An Example of Bygone Glory

Cauffiel House stands as a stunning testament to the tastes and trends of the 1930s.

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The mahogany table in the dining room is one of only two family-owned pieces that remain in the house. Photograph by Jared CastaldiJeffers and events coordinator Karen Helme, who also works as a designer, picked out the tailored, plaid dupioni silk panels that dress the dining room windows.

Buff-colored walls in the sitting room were freshened with spring green paint. A synthetic sisal area rug conjures images of summer bridge games, a pursuit that could stylishly be played out today on custom-made card tables. The sun porch adjoining the space is furnished in other retro finds, wrought iron-and-glass patio tables and chairs.

The Cauffiels were fond of dogs. Although the kennels are gone now, signs of canine affection remain. Witness the likeness of a Brittany spaniel on the needlepoint pillow on the sitting room sofa. There’s a vintage doorstop painted to look like a terrier in the foyer and bronzes of hunting dogs in a second-floor den.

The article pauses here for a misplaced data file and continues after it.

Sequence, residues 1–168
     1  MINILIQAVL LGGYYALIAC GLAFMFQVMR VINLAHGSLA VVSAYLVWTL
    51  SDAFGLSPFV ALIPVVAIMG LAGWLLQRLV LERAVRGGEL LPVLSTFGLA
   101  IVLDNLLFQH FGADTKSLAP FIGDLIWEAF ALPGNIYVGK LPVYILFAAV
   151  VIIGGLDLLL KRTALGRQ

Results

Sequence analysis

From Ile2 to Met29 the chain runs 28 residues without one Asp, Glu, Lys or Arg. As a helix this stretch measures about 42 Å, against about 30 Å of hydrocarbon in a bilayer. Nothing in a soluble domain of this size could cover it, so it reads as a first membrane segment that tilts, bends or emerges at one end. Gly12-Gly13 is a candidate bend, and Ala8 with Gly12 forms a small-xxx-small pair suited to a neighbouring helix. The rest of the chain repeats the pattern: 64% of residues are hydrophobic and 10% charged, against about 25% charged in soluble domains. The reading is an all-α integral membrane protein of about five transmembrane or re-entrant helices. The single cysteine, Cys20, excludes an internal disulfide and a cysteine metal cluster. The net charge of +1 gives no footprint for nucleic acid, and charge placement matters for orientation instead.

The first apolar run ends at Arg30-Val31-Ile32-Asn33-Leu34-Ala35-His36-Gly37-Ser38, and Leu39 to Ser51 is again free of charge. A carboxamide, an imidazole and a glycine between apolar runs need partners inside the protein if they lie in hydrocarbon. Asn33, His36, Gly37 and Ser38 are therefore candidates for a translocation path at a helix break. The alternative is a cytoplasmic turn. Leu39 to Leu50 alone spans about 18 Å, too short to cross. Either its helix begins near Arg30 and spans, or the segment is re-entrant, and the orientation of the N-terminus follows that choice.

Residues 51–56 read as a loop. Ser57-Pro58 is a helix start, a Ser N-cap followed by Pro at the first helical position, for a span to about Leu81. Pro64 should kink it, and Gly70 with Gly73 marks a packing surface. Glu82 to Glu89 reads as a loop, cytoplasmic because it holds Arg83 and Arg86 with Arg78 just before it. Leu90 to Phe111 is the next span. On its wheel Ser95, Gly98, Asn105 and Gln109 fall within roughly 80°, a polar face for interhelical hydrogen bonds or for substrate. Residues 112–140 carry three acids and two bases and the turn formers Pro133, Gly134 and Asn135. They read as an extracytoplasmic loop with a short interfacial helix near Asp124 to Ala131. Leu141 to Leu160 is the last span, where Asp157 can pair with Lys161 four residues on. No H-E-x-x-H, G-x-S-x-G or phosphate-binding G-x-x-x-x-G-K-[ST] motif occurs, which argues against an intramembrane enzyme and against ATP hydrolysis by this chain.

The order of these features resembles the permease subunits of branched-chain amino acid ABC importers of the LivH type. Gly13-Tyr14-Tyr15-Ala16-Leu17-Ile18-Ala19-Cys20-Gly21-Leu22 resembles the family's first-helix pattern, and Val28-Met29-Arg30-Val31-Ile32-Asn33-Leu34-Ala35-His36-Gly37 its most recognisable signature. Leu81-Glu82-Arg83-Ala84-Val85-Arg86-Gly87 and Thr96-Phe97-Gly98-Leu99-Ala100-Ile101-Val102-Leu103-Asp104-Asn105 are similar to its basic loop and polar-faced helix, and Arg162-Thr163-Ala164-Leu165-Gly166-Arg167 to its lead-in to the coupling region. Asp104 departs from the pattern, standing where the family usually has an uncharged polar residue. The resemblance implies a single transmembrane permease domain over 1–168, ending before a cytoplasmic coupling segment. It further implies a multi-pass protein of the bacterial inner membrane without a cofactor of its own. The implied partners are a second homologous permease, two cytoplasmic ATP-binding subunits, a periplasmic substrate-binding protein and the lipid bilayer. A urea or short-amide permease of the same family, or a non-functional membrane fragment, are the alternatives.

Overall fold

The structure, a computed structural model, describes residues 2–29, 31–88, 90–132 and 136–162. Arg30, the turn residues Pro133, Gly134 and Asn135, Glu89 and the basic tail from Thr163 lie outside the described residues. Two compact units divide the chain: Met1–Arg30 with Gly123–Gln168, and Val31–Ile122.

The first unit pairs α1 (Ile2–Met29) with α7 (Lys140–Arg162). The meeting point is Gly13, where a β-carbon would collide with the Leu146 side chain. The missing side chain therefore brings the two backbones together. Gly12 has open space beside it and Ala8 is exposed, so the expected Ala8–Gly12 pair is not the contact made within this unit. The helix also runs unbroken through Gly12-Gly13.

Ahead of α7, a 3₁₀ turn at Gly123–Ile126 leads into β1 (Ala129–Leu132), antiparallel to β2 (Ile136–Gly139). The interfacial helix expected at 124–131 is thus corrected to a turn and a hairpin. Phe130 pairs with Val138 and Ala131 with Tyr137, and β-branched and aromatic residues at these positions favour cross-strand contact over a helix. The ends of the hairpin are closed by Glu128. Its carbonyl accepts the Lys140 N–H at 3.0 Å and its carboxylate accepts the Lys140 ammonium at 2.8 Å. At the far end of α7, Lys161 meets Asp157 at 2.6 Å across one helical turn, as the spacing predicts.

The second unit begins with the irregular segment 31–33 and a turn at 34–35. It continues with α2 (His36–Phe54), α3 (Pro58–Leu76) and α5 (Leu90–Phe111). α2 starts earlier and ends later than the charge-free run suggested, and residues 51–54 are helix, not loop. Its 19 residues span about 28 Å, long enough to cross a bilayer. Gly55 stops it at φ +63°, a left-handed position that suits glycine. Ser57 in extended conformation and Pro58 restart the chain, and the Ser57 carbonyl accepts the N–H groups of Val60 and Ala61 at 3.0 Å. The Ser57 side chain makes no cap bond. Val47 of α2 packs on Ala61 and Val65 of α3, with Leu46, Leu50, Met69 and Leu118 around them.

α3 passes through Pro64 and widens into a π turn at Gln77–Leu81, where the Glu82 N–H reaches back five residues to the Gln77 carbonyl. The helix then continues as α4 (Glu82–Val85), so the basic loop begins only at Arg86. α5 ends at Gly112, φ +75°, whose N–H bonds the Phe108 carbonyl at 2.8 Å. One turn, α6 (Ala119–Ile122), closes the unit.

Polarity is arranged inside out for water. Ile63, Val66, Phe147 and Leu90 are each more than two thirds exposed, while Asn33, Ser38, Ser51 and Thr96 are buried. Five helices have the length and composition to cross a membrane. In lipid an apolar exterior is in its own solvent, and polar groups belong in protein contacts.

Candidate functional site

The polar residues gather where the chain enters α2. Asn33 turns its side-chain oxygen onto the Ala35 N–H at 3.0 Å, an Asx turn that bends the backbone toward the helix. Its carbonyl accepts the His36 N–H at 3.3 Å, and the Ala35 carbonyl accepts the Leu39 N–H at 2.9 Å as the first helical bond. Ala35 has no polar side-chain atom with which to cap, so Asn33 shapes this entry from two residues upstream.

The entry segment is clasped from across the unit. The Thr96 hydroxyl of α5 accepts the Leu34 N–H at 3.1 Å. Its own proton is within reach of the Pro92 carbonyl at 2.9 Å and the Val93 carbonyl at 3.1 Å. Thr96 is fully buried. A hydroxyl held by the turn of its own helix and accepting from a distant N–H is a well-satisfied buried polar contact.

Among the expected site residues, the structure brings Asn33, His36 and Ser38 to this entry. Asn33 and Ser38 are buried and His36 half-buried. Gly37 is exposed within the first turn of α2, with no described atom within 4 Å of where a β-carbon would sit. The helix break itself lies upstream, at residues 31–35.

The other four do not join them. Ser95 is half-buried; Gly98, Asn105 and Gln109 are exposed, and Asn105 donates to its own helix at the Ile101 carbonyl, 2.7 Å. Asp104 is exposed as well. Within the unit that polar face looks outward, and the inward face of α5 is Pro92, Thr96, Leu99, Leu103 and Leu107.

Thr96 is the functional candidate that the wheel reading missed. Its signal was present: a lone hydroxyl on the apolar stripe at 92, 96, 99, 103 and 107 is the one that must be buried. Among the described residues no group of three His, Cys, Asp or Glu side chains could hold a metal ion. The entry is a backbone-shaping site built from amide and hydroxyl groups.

These days Cauffiel House lives on as a destination for conferences and special occasions. There are still reminders of the designer show house, a glimpse into recent design history that reveals which ideas stand the test of time—or at least a dozen years. (The subtly stenciled sea horses on the wall in a hall bath: Yes. The ivory upholstered fabric walls in the master bath: No. People touch them and they smudge.)

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